It's Tuning Time Again!

As the long autumn of 2011 drew to a chilly close, it was time to be thinking about piano care again. Traditionally, tuners suggested waiting until “furnace season” started before tuning pianos—and in 2011, that meant waiting almost until the start of winter.


Is that still a good strategy for timing your piano's tuning? What causes pianos to go out of tune in the first place? And is there any way to avoid that?


The number one cause of changes in tuning is changes in humidity. Control humidity and you control your piano's tuning. Before air conditioning became nearly universal, pianos in Iowa spent most of the year in a fairly humid environment—followed by a season of unrelenting dryness. It's a wonder that any of them survived!


Then again, pianos were constructed of solid wood lumber, and the entire instrument absorbed and evaporated environmental humidity at a fairly slow and steady rate.


Now, however, air conditioning (which works by drying the air) and central heating have created a much more stable—but drier—environment. And the majority of modern pianos include a significant amount of “engineered wood product”, rather than solid wood. Those materials don't absorb moisture the way wood does, so modern pianos have less ability to moderate change when their surroundings get dry.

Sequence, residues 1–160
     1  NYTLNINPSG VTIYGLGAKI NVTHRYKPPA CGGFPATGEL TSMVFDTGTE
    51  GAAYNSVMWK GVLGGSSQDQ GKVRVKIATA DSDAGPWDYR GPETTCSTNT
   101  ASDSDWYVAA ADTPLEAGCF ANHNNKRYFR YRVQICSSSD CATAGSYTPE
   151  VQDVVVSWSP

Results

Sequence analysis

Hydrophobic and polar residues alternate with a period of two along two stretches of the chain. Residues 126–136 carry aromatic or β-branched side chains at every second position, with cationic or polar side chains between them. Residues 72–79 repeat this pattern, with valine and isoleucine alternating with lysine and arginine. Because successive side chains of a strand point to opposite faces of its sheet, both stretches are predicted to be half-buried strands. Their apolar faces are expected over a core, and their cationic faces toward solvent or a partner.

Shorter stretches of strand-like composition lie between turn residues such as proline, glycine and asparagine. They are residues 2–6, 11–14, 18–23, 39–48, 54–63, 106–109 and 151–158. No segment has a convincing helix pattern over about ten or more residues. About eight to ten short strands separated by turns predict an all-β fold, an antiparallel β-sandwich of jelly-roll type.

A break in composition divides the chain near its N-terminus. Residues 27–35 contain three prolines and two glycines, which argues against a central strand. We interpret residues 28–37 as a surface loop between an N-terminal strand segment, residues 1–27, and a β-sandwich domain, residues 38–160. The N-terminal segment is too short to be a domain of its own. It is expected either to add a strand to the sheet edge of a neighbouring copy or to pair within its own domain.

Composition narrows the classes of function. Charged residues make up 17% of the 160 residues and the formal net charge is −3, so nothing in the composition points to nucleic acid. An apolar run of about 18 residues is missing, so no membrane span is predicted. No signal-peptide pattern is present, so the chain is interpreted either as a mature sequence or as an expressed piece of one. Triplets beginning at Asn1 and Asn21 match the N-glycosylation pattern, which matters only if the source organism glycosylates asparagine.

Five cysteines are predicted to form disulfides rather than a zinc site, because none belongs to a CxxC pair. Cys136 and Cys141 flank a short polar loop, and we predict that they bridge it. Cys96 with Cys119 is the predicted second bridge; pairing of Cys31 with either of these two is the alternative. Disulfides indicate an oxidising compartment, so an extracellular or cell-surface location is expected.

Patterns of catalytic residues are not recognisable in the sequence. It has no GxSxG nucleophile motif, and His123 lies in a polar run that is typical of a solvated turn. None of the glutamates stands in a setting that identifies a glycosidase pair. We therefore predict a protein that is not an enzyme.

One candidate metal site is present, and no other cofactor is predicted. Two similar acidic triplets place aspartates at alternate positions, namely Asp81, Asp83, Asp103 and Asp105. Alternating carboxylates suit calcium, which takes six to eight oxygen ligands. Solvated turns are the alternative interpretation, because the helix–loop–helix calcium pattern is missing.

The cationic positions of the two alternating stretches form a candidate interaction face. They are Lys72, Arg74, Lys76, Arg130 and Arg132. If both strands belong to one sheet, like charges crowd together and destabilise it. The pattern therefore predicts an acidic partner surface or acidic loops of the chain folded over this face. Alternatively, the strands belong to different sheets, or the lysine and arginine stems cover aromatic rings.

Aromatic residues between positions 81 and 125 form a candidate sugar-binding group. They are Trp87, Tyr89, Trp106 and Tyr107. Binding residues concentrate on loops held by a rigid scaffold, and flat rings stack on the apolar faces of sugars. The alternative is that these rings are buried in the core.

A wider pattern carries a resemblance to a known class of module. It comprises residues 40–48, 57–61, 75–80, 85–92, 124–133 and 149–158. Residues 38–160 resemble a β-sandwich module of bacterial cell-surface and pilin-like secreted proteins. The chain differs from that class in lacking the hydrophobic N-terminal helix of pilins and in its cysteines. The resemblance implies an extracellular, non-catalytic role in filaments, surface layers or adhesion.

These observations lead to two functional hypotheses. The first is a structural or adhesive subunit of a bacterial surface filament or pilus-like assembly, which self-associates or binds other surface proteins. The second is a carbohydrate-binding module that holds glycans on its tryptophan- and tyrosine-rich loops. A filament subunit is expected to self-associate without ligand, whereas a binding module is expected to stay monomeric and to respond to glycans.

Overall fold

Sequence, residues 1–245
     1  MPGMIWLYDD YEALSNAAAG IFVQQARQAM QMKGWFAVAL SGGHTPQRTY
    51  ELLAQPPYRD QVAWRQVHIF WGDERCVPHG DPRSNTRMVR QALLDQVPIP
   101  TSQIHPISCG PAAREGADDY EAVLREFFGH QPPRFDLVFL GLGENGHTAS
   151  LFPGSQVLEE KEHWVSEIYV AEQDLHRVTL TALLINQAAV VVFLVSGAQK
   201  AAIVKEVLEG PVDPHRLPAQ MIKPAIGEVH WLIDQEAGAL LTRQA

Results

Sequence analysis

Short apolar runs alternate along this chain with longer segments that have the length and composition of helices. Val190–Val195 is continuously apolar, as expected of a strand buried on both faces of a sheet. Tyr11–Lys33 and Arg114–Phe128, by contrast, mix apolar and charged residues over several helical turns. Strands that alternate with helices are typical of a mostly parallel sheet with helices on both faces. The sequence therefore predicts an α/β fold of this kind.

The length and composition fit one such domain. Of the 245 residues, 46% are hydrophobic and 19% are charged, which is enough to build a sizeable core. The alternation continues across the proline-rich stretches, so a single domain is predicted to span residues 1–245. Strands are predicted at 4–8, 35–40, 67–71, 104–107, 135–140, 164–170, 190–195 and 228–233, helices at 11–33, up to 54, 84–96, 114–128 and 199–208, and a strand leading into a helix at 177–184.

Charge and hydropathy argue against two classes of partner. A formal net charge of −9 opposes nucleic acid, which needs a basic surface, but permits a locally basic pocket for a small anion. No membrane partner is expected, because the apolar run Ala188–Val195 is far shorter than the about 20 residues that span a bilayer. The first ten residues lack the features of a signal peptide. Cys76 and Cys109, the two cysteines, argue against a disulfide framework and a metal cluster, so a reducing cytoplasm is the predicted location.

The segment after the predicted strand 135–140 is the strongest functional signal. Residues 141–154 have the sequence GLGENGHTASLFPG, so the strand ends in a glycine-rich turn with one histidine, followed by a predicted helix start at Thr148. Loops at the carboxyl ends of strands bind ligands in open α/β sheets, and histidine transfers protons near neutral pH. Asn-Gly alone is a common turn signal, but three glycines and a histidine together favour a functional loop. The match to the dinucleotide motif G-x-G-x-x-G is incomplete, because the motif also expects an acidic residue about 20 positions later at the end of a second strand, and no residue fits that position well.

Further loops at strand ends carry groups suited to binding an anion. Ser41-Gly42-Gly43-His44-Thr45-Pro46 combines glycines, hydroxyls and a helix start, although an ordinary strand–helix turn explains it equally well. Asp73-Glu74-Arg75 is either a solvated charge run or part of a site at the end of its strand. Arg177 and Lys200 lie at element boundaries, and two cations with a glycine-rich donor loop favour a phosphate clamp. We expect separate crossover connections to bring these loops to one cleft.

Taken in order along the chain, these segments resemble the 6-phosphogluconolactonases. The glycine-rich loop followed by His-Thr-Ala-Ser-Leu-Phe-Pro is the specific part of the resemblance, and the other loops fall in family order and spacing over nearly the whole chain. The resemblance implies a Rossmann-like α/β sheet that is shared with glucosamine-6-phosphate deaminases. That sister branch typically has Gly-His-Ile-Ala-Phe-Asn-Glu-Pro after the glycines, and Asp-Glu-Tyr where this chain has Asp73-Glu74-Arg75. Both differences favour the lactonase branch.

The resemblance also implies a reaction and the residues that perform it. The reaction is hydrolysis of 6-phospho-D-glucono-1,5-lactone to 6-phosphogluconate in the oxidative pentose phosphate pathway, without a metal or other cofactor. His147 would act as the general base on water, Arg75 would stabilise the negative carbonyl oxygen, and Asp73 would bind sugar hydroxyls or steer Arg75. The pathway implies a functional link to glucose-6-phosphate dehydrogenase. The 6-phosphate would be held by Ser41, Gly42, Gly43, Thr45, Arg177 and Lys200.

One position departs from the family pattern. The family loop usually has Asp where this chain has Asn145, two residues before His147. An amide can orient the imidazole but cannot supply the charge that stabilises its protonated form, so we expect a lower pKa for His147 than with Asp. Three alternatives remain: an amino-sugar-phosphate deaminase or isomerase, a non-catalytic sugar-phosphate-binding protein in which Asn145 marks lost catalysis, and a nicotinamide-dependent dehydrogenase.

In general, pianos and humans do their best at about 47% relative humidity. And that's hard to maintain with modern heating and cooling systems. Even if your furnace has a built-in humidifying system, keep a good hygrometer handy so you can really gauge the humidity levels in your house or studio. But you can also tell by paying attention: if you feel a cool breeze when someone walks by, the humidity is too low.


Why does it matter? Wood swells when humidity is high and shrinks when it's low. In a piano, the soundboard flexes when it swells, drawing the strings tighter and causing the piano to go sharp. It flattens out again as it dries out, allowing the strings to loosen and go flat.


That cycle of swelling and drying is hard on tuning pins—which can crush the wood that's meant to hold them tight, leaving them loose and unable to hold a tuning—as well as on bridge pins, which can be moved by tight strings, cracking the bridges and affecting both tuning and tone. Humidity changes can also crack the soundboard, loosen the soundboard ribs, and cause any number of action problems.


What to do? Talk to your piano technician about options for creating a stable environment for your piano. That could involve moving the piano to a better location, adding a humidifier to the room, or installing a Dampp-Chaser system, depending on your situation.


And if humidity shifts have already caused problems in the pin block, bridges, soundboard, or action, develop a treatment plan for stabilizing and repairing them. Your piano will stay in tune longer, and you will both be happier. Talk it over with your technician; you'll be glad you did.